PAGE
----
I was thinking, Great advice, Oprah. I have always believed that we make decisions about how we want to act in particular situations before those situations arise. We’d be surprised how many things we could avoid altogether if that strategy were faithfully employed.

So I was with Oprah right up until a few seconds later when she said she “bristled” when she read in In Touch that Bristol stated, “I’m not going to have sex until I’m married. I can guarantee it.”

Apparently Bristol’s guarantee of abstinence is what alarmed Oprah, and she asked, “You don’t think you’re setting yourself up?”

At this point I’m thinking, “setting yourself up” for what? My confusion rested, in part, in having just heard Oprah say that she tells the African girls to do exactly what Bristol had just stated she did: make up her mind ahead of time.

Oprah’s rationale was media pressure, that every guy she dates will be harassed with questions about whether Bristol had or had not remained true to that commitment. My thought here was, Hey, let the media blow it up. Better the dudes find out where I stand now than later. Better any interested guy should know where I stand before they even step to me. That way they can keep on stepping if they can’t handle my plan. Truth be told, you can weed out a lot of guys from the jump that way and spare yourself the agony of dropping the “no” bomb on them later. They can’t say they didn’t know, can they?

Oprah, whose young adult life was not without its share of drama, trials, and tribulations, should have sincerely said to her guest, “Good for you, Bristol.” Instead, she asked Bristol if she was setting herself up?! With a steely glint in her eyes, Bristol, who to me looked a bit annoyed, said, “No, I don’t.”

Oprah didn’t say it, so I will: good for Bristol for standing by her commitment, for not backing down, for not allowing the pressure to cause her to cave in to Oprah, who appeared put off by Bristol’s bold declaration of abstinence.

Had I been Bristol, however, I would have answered that question in the affirmative. When asked if I was setting myself up, I would have said, “Yes, Oprah. I am setting myself up…to achieve my goal. I’m setting myself up by doing exactly what you tell the girls in Africa: ‘make the decision before the moment arrives.'”

Hey, if it’s good enough for Africa, it’s good enough for America.

So which one is it? Is Oprah encouraging the girls in her school to strategically choose abstinence, or when they say they have, does she pause five seconds for them to retract or ease their choice? It sounds like double talk to me. Either Bristol is supposed to stick to her guns, or she’s supposed to back out. Again, which one is it, Oprah–a little of both?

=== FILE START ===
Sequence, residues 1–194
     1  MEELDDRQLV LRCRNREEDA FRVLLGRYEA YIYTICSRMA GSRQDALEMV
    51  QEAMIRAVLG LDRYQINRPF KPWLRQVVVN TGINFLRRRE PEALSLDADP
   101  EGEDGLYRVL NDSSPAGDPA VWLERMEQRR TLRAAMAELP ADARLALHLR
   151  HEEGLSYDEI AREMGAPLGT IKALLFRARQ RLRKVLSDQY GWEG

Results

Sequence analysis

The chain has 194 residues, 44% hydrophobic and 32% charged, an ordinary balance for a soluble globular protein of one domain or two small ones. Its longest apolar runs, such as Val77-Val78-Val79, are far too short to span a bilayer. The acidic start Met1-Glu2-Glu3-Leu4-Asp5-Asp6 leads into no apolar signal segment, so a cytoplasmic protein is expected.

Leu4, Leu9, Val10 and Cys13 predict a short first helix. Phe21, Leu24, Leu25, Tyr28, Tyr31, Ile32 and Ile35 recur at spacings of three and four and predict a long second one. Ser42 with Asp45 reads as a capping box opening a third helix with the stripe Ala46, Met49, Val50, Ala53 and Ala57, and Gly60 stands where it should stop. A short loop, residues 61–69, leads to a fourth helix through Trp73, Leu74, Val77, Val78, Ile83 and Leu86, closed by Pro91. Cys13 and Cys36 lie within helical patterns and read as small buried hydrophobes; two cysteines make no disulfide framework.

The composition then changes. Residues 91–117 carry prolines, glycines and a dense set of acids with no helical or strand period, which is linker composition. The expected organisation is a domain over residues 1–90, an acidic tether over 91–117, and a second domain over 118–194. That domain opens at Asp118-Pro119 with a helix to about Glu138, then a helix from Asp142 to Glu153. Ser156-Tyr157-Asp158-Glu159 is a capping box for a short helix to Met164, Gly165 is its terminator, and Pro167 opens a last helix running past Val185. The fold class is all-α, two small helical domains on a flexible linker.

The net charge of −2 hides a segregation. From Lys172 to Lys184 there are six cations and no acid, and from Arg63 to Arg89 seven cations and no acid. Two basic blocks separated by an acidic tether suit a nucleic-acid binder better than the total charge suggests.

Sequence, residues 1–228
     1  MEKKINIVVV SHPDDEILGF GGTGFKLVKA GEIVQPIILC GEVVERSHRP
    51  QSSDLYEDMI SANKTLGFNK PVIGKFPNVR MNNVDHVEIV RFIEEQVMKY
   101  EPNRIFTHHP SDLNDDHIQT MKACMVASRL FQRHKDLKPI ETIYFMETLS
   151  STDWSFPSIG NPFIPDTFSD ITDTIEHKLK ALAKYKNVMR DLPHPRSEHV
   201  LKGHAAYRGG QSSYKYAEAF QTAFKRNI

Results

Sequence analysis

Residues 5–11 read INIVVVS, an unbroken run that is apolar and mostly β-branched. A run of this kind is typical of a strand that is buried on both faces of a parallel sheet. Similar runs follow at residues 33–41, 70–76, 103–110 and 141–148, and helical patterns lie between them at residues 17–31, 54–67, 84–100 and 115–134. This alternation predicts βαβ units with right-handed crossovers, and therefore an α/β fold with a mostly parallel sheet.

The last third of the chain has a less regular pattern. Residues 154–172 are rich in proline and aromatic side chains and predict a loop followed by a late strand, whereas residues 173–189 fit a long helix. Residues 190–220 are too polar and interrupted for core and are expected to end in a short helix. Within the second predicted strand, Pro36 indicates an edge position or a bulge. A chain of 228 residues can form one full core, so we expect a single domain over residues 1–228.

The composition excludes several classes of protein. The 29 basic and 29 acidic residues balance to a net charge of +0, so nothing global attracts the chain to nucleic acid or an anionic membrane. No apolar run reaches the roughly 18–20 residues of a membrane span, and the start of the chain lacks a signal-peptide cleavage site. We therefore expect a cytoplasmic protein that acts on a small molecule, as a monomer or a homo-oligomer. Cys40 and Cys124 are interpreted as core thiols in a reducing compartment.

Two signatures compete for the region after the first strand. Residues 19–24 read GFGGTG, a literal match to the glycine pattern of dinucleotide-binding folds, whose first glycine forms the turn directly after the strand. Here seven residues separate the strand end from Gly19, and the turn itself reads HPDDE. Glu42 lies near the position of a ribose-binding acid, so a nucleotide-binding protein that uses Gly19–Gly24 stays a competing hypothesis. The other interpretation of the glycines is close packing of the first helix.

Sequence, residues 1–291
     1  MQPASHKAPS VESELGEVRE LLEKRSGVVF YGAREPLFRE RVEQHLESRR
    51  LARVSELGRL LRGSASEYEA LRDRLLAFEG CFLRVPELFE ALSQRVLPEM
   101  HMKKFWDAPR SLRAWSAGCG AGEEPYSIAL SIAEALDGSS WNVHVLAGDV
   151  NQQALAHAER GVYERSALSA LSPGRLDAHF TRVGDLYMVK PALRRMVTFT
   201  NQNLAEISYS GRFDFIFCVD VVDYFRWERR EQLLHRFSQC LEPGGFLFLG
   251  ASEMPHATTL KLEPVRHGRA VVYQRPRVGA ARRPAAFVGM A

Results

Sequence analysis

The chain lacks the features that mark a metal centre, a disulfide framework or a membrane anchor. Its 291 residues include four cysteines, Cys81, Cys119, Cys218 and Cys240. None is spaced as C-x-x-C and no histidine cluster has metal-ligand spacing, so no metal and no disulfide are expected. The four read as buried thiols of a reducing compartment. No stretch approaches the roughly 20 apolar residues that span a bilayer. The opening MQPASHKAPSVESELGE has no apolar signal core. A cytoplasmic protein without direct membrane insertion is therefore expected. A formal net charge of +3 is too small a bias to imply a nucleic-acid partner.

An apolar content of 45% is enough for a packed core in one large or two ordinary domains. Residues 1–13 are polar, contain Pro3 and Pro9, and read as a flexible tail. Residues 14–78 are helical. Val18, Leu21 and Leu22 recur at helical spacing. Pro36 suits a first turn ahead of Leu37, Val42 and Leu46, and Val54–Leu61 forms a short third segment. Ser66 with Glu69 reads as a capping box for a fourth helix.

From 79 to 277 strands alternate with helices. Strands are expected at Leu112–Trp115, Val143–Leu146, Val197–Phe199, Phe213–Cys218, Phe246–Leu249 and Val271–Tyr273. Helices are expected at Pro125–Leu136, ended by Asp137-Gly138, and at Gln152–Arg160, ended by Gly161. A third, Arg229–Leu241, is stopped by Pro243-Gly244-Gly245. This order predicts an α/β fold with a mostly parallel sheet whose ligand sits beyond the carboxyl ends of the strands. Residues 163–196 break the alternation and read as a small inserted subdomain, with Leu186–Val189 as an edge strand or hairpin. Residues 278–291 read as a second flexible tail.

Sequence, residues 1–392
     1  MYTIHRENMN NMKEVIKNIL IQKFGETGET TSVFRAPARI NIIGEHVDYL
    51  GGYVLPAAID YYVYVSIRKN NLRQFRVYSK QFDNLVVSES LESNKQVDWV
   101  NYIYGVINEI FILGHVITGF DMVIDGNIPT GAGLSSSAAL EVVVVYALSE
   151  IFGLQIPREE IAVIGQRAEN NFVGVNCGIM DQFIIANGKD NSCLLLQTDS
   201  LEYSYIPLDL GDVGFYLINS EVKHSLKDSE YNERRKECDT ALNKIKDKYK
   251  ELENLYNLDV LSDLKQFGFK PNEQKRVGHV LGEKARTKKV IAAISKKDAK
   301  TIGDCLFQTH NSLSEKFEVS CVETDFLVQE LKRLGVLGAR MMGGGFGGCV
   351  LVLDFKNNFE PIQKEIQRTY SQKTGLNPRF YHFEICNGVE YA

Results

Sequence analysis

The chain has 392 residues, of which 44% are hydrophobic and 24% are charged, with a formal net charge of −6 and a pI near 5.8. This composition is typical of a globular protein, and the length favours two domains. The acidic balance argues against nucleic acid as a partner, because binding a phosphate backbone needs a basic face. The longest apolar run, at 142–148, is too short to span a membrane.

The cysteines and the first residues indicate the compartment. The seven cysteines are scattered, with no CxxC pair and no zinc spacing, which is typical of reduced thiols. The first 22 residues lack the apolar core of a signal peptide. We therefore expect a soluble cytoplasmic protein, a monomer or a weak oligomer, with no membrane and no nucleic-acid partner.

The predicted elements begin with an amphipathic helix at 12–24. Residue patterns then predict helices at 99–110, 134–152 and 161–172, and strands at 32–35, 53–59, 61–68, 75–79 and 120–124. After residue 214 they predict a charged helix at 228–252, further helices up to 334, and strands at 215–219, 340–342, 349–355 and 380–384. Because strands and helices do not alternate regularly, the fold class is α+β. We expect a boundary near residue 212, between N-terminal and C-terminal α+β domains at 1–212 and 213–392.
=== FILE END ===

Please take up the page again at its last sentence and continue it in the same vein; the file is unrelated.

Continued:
When Bristol chose the former, Oprah–chuckling–said, “All right, good luck to you on that!” Belittling, demeaning, and frankly, disempowering.

I get sick and tired of people who purport to be all about the power of women and their ability to accomplish anything, except when it comes to both abstinence and giving birth to a child in less than ideal circumstances. I do not respect trying to talk a teenager, who is already raising a child, out of taking a stand on the issue. If women can do anything, they can do anything–including practicing abstinence.

Months ago, when Bristol once used the term “unrealistic” in reference to teenagers remaining abstinent, people jumped all over her. Friday, Oprah said about abstinence, “Obviously she’s already had sex. So I’m just wondering if that is a realistic goal.” When Bristol indicated that it is realistic for her, Oprah “bristled.” This is Exhibit A of “you can’t win for losing.” This is why one must simply live by the courage of her own convictions as Bristol has purposed in her heart to do–and bump everybody else who doesn’t believe you can. When Oprah shared the statistic that 1 out of 3 teenagers is sexually active, Bristol was unmoved. Her face seemed to say, “Well, I’ll be one of the two.” It may not be easy, but nothing valuable is–and she’s worth it.

Abstinence is a touchy, uncomfortable subject for those who feel safer teaching birth control over abstinence. “It doesn’t work,” the statisticians say. News flash: abstinence, when employed, always works! It’s when it’s abandoned that it’s rendered powerless. Besides, it seems Bristol realizes something that we could all stand to discover: though birth control protects from pregnancy sometimes, there is no birth control potent enough to protect your heart, soul, and mind from the effects of giving yourself to someone who has not given himself to you–through the commitment of marriage.

I say to Bristol in all sincerity, rather than the snarky way Oprah said it, “More power to you.”